2. Identify your excuses.
When I was in the blame stage with my writing, I would tell myself that I didn’t have the time. In turn, this belief kept me from seeing the truth that I have plenty of time. The amount of time I had wasn’t the issue. How I chose to use my time was the real problem, but my belief kept me from seeing this reality.
What about you? What excuses are you allowing to control your life? Is it time? Resources? Energy? Whatever you are telling yourself about why you can’t have you want needs to be addressed if you are going to begin living intentionally.
3. Look for alternatives.
If you are finally ready to make a change, then you must open your mind to the endless options that choice offers you. Mentally step back from your current situation and attempt to look at it from multiple vantage points. Experiment with alternative possibilities.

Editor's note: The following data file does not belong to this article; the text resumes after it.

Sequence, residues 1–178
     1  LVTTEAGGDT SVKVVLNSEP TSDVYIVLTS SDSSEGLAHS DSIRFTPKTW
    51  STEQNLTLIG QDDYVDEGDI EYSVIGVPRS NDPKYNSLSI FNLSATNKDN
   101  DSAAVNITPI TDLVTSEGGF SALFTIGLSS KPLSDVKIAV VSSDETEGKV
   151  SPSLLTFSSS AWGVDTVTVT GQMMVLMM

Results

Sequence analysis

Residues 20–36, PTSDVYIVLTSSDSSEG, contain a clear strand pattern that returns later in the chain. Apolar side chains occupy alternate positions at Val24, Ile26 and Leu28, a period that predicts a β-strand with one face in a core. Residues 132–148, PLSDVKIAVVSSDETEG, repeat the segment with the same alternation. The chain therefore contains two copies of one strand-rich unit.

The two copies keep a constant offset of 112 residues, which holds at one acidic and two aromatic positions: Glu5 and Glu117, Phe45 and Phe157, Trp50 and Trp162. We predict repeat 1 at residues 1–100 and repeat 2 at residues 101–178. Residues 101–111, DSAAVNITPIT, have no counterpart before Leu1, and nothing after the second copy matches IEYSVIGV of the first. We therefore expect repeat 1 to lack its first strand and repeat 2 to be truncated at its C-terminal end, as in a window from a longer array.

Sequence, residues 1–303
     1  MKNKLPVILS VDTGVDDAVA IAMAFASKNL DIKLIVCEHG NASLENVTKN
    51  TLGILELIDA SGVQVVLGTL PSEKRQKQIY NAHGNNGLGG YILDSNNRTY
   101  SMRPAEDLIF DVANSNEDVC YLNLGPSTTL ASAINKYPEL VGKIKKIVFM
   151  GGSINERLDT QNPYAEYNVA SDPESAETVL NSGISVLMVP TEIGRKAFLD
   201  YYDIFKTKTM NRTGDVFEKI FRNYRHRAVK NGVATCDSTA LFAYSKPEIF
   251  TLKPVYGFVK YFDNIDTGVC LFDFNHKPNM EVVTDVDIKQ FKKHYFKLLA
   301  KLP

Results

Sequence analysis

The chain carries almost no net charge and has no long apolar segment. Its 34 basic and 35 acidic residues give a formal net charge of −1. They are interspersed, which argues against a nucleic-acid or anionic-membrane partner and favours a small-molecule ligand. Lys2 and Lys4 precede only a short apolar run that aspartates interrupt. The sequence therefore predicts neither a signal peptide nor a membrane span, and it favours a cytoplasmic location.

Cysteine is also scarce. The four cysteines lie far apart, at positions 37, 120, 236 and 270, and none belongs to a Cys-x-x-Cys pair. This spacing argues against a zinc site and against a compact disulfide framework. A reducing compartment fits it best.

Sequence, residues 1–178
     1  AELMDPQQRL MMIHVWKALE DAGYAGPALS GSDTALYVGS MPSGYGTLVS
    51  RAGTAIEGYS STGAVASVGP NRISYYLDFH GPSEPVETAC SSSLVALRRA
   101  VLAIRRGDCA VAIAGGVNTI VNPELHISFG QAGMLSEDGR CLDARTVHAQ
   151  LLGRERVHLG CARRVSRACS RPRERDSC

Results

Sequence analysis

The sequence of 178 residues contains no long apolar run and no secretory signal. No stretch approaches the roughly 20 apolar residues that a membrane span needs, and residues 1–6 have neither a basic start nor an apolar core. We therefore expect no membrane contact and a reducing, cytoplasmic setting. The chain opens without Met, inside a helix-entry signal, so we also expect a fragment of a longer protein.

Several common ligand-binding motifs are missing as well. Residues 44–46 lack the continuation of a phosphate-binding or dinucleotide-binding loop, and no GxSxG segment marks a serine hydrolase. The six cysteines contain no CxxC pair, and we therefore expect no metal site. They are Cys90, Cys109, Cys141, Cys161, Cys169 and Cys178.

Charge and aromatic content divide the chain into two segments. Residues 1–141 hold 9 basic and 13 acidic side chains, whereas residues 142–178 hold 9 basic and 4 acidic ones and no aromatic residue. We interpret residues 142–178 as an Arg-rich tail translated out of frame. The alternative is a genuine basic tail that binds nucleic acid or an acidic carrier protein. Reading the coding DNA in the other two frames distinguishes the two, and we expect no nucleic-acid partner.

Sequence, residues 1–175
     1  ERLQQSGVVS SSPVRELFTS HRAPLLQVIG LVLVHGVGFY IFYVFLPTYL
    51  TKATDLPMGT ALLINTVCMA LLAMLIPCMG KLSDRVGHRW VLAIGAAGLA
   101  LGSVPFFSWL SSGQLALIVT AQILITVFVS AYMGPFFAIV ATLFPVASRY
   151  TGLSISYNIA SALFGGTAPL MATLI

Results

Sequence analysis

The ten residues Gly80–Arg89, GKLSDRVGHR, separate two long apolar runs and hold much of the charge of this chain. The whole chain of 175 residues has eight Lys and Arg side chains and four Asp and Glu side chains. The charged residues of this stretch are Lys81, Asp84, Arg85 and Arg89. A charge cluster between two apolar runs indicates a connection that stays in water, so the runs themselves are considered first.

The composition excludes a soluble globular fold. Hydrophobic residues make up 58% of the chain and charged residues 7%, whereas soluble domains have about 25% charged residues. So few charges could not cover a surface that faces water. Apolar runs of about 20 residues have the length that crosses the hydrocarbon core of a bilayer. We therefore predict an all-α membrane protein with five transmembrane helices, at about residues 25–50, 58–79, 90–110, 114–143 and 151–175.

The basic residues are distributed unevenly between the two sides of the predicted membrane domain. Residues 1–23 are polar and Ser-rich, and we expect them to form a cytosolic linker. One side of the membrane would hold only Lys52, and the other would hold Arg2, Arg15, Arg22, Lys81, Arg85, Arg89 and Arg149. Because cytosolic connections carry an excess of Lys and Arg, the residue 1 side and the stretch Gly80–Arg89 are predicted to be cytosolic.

Expose your excuses by writing them down and then examine each one of them. Next instead of accepting them as the reason you can’t succeed, look for ways to work around them. If time is your excuse, ask yourself the following question: “If I wanted to find more time to make this change, where could I find it?”
Looking for alternative possibilities opened my mind up to the option of writing in the mornings before I started my regular day. In turn, that led me to write my first book, Intentional Mornings.
After exploring other time slots throughout the day, I realized that six in the morning presented the best opportunity for me to sit down and write. Not only did this eliminate my excuse of not having enough time, but it also led to eliminating my excuse of not having enough energy.